"Obviously the judge gave it a great deal of consideration," Biemer said. "He wrote a 65-page opinion. Obviously Margate's disappointed in the result, but we respect the process. We have legitimate concerns for this project. These don't go away."
Margate Mayor Mike Becker said he was disappointed but declined to comment further. Dan Gottlieb, who spearheaded a Margate citizen-led push for a city referendum to fight the state plan, also declined comment.
Margate residents twice voted to pay for legal action to block the dune plan, which they object to for various reasons, including the cost, the effect on the beach, and the more significant role that the back bays, rather than the ocean, have played in past damage from storms. They have argued that the current bulkheads provide enough ocean front protection.
But Mendez, while acknowledging the bayside flooding problem, said that "does not render this coastal protection project arbitrary and capricious."
Mendez also said that Margate's beaches had grown because of migrating sand from the dune the state built in adjacent Ventnor, and that the Margate beaches are wider than before the start of the project on Absecon Island.
Mendez said he "finds it somewhat disingenuous that some of Margate's witnesses would not acknowledge that their beach has grown substantially over the years as a result of the dune in Ventnor."
Mendez also agreed with the state that the dune was "the more cost-effective option" than Margate's preferred bulkhead and berm alternative, which he said would need fortifying to meet Army Corps standards.
He also disagreed with statements that the Margate bulkhead option was not fully considered by the state, and said the bulkheads "yielded a significantly worse result" than the dunes.
Jeff Tittel of the New Jersey Sierra Club said the dunes would be ineffective if the state did not also remove the hard-structured bulkheads behind them.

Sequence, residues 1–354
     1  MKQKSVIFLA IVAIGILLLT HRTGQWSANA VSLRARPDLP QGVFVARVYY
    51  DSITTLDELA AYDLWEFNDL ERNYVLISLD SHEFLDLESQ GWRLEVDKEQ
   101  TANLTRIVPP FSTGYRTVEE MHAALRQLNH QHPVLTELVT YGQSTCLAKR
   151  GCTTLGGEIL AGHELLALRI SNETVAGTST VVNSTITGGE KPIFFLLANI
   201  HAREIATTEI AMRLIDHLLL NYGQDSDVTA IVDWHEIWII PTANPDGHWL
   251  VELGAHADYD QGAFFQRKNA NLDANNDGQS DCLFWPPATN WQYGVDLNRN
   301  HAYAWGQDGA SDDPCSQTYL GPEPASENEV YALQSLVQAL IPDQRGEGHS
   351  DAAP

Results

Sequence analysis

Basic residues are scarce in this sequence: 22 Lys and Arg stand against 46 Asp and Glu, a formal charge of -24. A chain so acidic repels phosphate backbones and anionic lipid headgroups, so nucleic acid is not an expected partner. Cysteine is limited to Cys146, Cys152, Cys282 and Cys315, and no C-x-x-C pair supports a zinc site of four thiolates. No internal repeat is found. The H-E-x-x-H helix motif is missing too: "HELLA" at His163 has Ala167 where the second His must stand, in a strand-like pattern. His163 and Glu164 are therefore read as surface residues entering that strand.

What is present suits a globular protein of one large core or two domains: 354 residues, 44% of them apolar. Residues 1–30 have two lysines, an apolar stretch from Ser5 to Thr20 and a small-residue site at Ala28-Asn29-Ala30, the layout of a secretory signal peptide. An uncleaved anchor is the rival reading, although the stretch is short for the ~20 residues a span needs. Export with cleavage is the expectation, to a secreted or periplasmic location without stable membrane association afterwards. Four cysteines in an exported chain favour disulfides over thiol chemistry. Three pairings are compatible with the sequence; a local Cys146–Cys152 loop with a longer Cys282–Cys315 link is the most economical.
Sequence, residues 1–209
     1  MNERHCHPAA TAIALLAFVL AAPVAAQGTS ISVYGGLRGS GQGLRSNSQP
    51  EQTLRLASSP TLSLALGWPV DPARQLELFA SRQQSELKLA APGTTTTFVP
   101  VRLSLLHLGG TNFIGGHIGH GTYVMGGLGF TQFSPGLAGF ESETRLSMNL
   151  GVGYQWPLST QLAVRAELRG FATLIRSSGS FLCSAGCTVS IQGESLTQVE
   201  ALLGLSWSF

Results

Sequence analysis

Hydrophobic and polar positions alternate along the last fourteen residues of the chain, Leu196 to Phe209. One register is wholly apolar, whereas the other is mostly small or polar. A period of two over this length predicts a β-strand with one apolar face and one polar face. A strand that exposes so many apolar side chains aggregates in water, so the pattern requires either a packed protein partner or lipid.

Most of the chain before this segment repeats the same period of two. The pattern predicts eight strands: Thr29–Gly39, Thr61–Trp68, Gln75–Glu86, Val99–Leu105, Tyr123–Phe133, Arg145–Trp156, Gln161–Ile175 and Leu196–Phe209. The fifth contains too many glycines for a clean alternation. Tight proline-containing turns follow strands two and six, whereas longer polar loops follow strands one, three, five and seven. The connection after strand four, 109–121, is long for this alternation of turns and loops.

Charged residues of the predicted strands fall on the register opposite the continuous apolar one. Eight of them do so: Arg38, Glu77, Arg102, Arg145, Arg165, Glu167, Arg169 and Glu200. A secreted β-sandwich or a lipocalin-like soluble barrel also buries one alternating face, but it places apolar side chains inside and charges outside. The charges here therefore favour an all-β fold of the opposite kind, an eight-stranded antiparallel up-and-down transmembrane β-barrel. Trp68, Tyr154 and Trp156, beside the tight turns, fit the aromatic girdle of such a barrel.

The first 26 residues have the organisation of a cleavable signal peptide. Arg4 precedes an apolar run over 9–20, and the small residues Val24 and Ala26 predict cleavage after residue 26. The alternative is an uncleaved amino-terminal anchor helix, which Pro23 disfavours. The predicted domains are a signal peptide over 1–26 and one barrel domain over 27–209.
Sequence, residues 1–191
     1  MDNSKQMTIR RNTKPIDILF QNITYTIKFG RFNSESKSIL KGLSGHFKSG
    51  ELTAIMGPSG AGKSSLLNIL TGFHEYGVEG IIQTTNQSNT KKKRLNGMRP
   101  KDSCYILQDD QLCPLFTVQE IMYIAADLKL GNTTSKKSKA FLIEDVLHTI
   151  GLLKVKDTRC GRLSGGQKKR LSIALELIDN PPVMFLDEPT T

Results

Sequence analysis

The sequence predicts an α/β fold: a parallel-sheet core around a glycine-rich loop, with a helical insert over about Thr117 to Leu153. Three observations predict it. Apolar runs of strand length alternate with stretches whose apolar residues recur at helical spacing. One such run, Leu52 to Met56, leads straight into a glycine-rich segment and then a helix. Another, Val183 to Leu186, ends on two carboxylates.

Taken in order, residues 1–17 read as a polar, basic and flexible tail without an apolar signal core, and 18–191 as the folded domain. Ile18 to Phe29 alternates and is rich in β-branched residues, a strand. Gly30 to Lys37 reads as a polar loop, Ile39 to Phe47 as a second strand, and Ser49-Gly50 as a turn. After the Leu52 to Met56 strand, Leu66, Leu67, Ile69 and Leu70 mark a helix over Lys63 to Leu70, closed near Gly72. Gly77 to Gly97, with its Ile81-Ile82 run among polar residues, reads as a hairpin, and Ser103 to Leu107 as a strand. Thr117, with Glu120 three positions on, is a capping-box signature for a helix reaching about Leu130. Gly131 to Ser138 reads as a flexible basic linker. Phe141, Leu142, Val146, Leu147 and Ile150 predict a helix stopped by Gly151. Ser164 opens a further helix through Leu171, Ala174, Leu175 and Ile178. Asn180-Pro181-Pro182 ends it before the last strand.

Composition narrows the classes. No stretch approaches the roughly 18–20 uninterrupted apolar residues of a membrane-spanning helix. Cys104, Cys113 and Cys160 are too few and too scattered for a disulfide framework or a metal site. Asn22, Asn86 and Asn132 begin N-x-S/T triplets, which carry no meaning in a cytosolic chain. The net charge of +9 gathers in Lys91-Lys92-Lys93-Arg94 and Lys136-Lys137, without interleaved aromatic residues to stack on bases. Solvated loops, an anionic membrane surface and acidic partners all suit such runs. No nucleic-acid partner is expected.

Attorneys for Margate argued that the state was relying on outdated and flawed data and modeling to justify its plan to seize the easements by eminent domain. The state initially tried to take the land by administrative order, a move blocked by Margate in federal court.
Mendez, however, was not persuaded that the modeling technology used by the state, known as SBEACH, was flawed.
He further concluded that the Sandy Relief Act did not, as Margate argued, require the Army Corps to conduct a new feasibility study.
Mendez said that as of September 2013, about 2,850 easements for various storm damage reduction projects across the state had yet to be obtained. Two and a half years later, about 2,500 of those have been acquired voluntarily.
"The majority of New Jersey coastal communities have voluntarily participated," Mendez said.
The parcels in Margate sought by the state consist of easements over 47 municipally owned blocks, 40 "paper streets or paper-street ends," and temporary easements over two municipally owned areas.
Margate is the only municipality on Absecon Island that opposes the project.